Meditation on Mitigation

Happy Sunday, everybody. Let’s take a minute for some morning meditation about mitigation.

meditation

My knees don’t bend like that any more. Actually, they never did.

If you start with the assumption (and skeptics will call it a heroic assumption) that it is worth time and money to reduce human contributions to climate change, this week’s posts here , here, here, here, here and elsewhere on mitigation should show that it is possible with current technology to provide significant levels of mitigation at a cost of far less than 1% of global GDP per year.

By ‘significant’ I mean rapid progress towards meeting the Kyoto goal of 20% less than 1990 emissions by 2020. We will not achieve that goal, but we can get within signaling distance.

President Obama’s plan for the U.S. is well-designed to go after the low-hanging fruit–moving towards the elimination of coal as a fuel for power plants, rapid escalation of CAFE standards, maintenance of subsidies for renewables. If he can break the logjam preventing construction of nuclear power plants before he leaves office he will have done enough for his two terms. Assuming of course that the U.S. doesn’t stop there.

Improvements in energy efficiency, the Rodney Dangerfield of efforts to address climate change, can do a lot–easily able to reduce emissions by 5,300 mmts of CO2 out of the approximately 40,000 mmts we emitted in 2014. If we could magically replace coal with nuclear worldwide, that would eliminate another 10,000 mmts and we would be within striking distance of the Kyoto deal.

We cannot wave a magic wand and remove coal from the developing world’s plans. What we can do is provide technology assistance to make their use of coal as low impact as possible and work with them on speeding adoption of more efficient energy sources.

I also favor adoption of a carbon tax in those parts of the world that don’t have one yet. I recommend that it be revenue neutral and re-evaluated every decade against pre-agreed metrics and that it start at a low level ($12/ton in the U.S.)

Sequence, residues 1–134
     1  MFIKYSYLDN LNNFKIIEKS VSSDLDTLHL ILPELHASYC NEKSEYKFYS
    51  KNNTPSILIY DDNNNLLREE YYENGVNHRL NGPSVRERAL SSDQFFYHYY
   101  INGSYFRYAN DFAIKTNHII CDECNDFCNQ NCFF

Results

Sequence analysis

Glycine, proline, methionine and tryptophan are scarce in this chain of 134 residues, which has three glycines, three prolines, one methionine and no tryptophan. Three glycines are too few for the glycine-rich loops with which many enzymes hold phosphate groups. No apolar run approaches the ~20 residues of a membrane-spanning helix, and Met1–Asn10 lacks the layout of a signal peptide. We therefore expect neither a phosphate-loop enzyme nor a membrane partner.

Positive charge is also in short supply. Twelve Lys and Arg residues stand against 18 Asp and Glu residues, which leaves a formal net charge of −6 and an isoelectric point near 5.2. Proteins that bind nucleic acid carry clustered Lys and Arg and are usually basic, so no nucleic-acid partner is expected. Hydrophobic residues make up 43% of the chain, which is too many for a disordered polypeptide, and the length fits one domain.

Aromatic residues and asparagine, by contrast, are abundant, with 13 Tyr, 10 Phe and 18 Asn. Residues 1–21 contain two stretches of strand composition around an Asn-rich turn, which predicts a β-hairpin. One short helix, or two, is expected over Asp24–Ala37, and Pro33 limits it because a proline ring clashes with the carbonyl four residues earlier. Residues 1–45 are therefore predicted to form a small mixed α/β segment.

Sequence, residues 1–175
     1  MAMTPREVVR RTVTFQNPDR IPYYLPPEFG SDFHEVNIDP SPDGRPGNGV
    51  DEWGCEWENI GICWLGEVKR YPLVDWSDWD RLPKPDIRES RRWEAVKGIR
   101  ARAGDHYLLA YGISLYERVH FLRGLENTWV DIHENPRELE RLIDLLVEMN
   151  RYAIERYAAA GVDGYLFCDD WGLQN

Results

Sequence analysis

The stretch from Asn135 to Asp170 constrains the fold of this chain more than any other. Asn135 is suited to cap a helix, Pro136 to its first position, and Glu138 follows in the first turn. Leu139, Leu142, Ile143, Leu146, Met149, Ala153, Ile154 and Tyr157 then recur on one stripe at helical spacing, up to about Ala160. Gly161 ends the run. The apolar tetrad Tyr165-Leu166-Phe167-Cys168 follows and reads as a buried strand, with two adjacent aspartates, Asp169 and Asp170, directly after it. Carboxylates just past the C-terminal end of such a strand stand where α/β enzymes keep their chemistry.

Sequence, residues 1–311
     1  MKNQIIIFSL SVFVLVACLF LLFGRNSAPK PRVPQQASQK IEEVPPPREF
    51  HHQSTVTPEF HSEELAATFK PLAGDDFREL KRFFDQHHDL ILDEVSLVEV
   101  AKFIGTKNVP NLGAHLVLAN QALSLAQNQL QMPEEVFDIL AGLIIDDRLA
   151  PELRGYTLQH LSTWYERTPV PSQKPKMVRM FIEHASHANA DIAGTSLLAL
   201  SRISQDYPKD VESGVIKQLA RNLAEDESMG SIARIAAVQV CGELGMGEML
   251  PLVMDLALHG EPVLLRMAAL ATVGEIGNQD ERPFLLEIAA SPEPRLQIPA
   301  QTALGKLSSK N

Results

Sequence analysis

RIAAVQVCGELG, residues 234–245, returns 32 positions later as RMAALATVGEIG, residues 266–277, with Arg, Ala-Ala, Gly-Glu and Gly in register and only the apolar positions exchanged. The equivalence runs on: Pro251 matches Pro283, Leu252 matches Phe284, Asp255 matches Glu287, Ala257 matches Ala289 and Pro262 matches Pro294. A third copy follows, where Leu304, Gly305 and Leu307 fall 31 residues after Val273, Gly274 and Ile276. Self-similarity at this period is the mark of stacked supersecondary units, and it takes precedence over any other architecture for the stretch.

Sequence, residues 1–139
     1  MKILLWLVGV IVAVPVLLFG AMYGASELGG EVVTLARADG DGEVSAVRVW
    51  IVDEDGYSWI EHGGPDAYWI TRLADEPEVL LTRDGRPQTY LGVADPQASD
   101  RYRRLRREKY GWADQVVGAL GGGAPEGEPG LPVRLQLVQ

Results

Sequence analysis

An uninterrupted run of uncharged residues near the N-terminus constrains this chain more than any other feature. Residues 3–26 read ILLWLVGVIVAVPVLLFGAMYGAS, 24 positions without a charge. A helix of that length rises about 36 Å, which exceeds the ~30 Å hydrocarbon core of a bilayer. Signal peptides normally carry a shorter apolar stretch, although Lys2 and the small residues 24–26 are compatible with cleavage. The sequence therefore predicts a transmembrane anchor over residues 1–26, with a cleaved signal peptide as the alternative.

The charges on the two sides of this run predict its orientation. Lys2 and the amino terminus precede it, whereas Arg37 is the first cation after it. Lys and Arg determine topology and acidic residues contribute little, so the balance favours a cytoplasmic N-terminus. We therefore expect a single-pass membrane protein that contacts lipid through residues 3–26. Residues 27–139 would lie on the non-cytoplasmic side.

The rest of the program should consist of Fast Mitigation efforts–planting trees, (lots of trees), attacking black soot, improving the technology of cement production and heightening the albedo of some parts of the earth’s surface.

There are longer term efforts we can’t ignore, such as continued investment in energy research, storage and distribution, and smaller scale efforts that can contribute at a 2% each level, such as dismantling no-fly zones left over from the Cold War, encouragement of telecommuting, uprating of turbines in hydroelectric facilities and increased adoption of CHP and ground source heat pumps in northern residences. We should also continue to encourage take-up of solar power and this encouragement should include subsidies.

Taken together, these measures would reduce human forcings dramatically and lower CO2 emissions to roughly 18,000 mmts by 2050.

I have written this series as a result of the invention of the derogatory term ‘mitigation skeptic’ used by the minions of the Konsensus against Lukewarmers. I have made this mitigation case in the past but it was scattered in comments across the blogosphere. Pulling the threads together I have noticed that neither the consensus nor their exploiters in the Konsensus have actually put together a coherent mitigation plan.

They’re welcome to any part of this that fits their fancy.

7 responses to “Meditation on Mitigation

  1. We disagree on the wisdom of subsidies and taxes, and probably will never agree on that point. There is no better illustration of the political impossibility of ending a subsidy than the current gasoline subsidies in Russia, Venezuela, Saudi Arabia, Iran, Nigeria and Vietnam. To be fair, Malaysia and Indonesia have cut back or eliminated subsidies but not without violence and social disruption.

    In politics, it is always easier to give than to take away.

    • It was pretty painless in Indonesia, helped by the dramatic fall in the price of oil.

      • True, it is a heck of a lot easier to end subsidies south of $50/barrel than it is north of $100 barrel but subsidies distort the market and a whole lot of lives and jobs become dependent on influencing politics rather than riding the market.

    • Also very true–I’m not disagreeing with you. But, sometimes subsidies are better than the alternative. Not as often as some would like to think…

    • Gasoline subsidies are subsidies to consumers, not to oil companies or oil producers.
      It is foolish to allow the climate alarmists to continue to pretend this internal political sop to citizens of a country somehow promotes the oil industry.

  2. Pingback: Recognition and Attribution | The Lukewarmer's Way

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